Microrobot device removes brain hemorrhages due to strokes or aneurysms

Microrobot device removes brain hemorrhages due to strokes or aneurysms
Design and fabrication of a self-clearing ventricular catheter. a) Polyimide spin coat and curing on single-crystal silicon (Si) wafer with silicon dioxide (SiO2) release layer. b) Evaporation of Cr etching mask and define photoresist for actuator outline. c) Wet etch of chromium (Cr) and dry etch of polyimide. d) Removal of Cr and evaporation of gold (Au) as a conduction layer. e) Application of photoresist and nickel (Ni) electroplating. f) Removal of photoresist and remaining Au layer. g) Optical images of fabricated magnetic actuators of straight type (top) and serpentine type (middle). Scale bars = 325 μm. A catheter with an integrated actuator (bottom). Scale bar = 1 mm. h A typical motion of actuation in deionized (DI) water for one actuation period. Credit: Nature Communications (2022). DOI: 10.1038/s41467-022-28101-5

A new treatment for strokes caused by bleeding in the brain that uses a magnetically controlled microrobot-enabled self-clearing catheter has been shown to be 86% effective in animal models, according to a paper published in Nature Communications.

Hyowon "Hugh" Lee, a Purdue University associate professor from the Weldon School of Biomedical Engineering, created the magnetically controlled microdevice that removes blood accumulating in the brain during a . The innovation was tested on porcine models of hemorrhage in collaboration with neurosurgeons Dr. Timothy Bentley from Purdue's College of Veterinary Medicine and Dr. Albert Lee from Goodman Campbell Brain and Spine in Carmel, Indiana.

The microrobots successfully removed the blood in six of the seven animals in the treatment animal model.

"This innovation is a real advance in the care of strokes, which are notoriously difficult to treat," Hugh Lee said.

The current gold standard to treat strokes is a blood thinner called tissue plasminogen activator, which cannot be used for some hemorrhagic strokes.

"Patients with hemorrhages have a mortality rate of up to 50%," Albert Lee said. "Currently there is no great therapeutic solution for intraventricular hemorrhage. The only other option is clot-dissolving drugs that have undesirable risks."

The full range of motion of a magnetically controlled microdevice invented by Purdue University associate professor Hyowon “Hugh” Lee to remove blood accumulating in the brain during a stroke. Credit: Hyowon “Hugh” Lee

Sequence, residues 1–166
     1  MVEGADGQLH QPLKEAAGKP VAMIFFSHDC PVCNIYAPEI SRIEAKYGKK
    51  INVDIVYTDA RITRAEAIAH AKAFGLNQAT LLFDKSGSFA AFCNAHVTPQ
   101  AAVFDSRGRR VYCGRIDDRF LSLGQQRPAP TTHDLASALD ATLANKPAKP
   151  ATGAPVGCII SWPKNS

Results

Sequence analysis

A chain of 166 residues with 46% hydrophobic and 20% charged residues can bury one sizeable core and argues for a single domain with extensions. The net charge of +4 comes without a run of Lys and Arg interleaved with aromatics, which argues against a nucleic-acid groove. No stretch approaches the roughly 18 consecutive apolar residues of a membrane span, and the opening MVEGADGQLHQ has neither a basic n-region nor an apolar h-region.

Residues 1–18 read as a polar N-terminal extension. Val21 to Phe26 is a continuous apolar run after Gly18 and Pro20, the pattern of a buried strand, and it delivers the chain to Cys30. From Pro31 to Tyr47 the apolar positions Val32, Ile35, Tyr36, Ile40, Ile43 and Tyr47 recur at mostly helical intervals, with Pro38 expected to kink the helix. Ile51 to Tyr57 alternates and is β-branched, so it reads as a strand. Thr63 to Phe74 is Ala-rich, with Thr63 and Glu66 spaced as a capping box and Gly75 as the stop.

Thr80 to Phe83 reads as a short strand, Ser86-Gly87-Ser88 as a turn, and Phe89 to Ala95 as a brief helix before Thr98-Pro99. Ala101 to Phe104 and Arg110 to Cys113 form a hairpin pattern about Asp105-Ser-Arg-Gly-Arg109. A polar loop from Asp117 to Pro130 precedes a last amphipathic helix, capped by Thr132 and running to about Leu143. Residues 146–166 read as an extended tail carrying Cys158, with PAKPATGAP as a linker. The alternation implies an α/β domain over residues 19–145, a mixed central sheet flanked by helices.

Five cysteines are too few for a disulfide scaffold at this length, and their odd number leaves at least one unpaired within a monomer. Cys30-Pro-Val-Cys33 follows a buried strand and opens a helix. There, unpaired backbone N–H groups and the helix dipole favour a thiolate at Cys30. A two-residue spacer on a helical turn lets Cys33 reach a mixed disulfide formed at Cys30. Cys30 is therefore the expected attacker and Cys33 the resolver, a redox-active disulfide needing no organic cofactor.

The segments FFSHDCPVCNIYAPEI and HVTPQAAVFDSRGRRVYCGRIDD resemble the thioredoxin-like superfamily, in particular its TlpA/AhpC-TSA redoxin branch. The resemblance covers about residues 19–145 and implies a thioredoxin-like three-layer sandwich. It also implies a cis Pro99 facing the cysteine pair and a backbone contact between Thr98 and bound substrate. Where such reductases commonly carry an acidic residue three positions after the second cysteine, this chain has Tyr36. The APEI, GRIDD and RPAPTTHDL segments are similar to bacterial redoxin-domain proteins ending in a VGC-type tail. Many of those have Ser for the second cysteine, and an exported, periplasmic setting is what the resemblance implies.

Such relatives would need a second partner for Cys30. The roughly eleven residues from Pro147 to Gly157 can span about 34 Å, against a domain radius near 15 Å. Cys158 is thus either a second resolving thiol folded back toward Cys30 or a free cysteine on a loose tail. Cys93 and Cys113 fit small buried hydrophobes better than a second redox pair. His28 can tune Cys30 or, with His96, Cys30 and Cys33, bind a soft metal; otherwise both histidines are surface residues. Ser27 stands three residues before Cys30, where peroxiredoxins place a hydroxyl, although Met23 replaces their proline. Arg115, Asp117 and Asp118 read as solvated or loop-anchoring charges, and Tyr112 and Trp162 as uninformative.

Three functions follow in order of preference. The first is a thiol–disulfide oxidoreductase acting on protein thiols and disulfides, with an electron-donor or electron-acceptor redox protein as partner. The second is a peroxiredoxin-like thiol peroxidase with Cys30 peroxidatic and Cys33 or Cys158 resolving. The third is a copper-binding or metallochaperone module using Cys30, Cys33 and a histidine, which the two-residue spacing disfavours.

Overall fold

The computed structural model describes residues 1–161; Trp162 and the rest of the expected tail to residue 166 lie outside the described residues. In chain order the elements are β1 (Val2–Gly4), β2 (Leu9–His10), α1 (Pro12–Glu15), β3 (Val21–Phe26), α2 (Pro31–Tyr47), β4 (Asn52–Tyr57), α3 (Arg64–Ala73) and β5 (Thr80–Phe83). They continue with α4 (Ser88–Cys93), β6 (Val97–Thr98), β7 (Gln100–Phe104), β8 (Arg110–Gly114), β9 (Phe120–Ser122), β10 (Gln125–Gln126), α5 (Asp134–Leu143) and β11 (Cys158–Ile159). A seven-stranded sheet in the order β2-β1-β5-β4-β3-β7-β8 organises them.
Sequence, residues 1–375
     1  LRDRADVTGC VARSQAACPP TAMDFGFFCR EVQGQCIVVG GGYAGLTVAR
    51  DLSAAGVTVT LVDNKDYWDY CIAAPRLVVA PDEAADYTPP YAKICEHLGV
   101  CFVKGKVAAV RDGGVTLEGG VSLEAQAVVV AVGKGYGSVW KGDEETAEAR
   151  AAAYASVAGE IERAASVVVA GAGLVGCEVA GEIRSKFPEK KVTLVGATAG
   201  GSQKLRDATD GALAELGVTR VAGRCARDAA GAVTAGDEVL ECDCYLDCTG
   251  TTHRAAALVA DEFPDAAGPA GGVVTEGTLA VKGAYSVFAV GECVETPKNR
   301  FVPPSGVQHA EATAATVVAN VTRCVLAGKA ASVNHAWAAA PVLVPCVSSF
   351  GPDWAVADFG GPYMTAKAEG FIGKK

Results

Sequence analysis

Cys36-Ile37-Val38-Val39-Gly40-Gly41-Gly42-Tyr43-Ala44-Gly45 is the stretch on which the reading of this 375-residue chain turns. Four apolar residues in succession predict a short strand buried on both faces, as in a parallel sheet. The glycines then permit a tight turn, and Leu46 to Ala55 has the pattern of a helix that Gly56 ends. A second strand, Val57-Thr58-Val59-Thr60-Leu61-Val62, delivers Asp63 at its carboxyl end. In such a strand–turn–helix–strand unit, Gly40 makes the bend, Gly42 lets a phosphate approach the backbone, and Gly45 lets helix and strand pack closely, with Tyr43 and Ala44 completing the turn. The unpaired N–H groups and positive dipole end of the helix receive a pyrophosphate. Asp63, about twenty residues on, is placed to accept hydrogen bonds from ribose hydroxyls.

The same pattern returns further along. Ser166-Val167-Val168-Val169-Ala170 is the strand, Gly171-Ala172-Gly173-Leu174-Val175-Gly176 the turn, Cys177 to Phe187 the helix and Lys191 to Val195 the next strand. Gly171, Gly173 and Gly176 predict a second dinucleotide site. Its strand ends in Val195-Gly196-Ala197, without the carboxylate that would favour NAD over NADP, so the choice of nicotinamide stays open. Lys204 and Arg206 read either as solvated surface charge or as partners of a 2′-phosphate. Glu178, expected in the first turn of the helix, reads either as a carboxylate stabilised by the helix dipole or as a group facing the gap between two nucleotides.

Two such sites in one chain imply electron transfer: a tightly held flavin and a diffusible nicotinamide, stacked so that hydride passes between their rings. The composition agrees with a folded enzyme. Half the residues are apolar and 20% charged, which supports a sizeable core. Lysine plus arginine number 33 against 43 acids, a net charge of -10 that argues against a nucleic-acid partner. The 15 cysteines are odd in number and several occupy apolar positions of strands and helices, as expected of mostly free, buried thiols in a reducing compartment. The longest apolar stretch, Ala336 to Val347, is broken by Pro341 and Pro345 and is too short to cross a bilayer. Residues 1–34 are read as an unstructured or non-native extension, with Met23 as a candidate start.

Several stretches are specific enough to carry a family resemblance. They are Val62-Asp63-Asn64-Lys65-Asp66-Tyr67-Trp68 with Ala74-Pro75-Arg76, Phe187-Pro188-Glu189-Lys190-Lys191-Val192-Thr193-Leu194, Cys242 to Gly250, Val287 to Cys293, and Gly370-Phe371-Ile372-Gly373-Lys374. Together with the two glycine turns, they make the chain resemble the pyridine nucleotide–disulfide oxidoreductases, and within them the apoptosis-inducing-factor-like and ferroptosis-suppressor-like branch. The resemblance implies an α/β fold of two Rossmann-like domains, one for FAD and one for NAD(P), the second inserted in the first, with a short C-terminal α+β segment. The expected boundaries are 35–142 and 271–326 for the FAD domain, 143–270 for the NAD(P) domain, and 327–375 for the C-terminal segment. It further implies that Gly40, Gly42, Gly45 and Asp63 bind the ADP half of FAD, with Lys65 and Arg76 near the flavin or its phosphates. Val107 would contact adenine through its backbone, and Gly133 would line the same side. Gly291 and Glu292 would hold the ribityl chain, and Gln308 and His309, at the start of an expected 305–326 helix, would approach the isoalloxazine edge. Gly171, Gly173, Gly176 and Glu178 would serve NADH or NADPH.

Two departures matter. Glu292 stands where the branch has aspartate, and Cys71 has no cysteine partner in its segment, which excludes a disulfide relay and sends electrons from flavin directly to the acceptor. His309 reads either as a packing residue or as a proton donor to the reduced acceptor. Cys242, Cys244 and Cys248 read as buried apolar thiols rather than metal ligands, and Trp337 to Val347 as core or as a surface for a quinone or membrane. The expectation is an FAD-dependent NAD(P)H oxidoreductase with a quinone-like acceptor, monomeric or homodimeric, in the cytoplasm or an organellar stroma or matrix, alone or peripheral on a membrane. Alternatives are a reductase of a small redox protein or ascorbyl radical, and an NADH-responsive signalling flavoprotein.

A magnetically controlled microdevice invented by Purdue University associate professor Hyowon “Hugh” Lee removes a clot from the brain. Credit: Hyowon “Hugh” Lee

Hugh Lee's innovation, which was developed with a former graduate student, Qi Yang, can be remotely activated using externally applied magnetic fields.

"There is no need for an implanted power source or complicated integrated circuit," Hugh Lee said. "As you change the direction of the , the microdevice moves like a compass needle with a magnet nearby. They can be part of an implantable shunt system or a part of extra ventricular drainage systems."

Hugh Lee disclosed the to the Purdue Research Foundation Office of Technology Commercialization, which has filed for a patent on the intellectual property. The next step to further develop the device is to receive approval from the U.S. Food and Drug Administration for a first-in-human study.

More information: Qi Yang et al, Application of magnetically actuated self-clearing catheter for rapid in situ blood clot clearance in hemorrhagic stroke treatment, Nature Communications (2022). DOI: 10.1038/s41467-022-28101-5

Journal information: Nature Communications
Provided by Purdue University
Citation: Microrobot device removes brain hemorrhages due to strokes or aneurysms (2022, June 15) retrieved 18 July 2024 from https://medicalxpress.com/news/2022-06-microrobot-device-brain-hemorrhages-due.html
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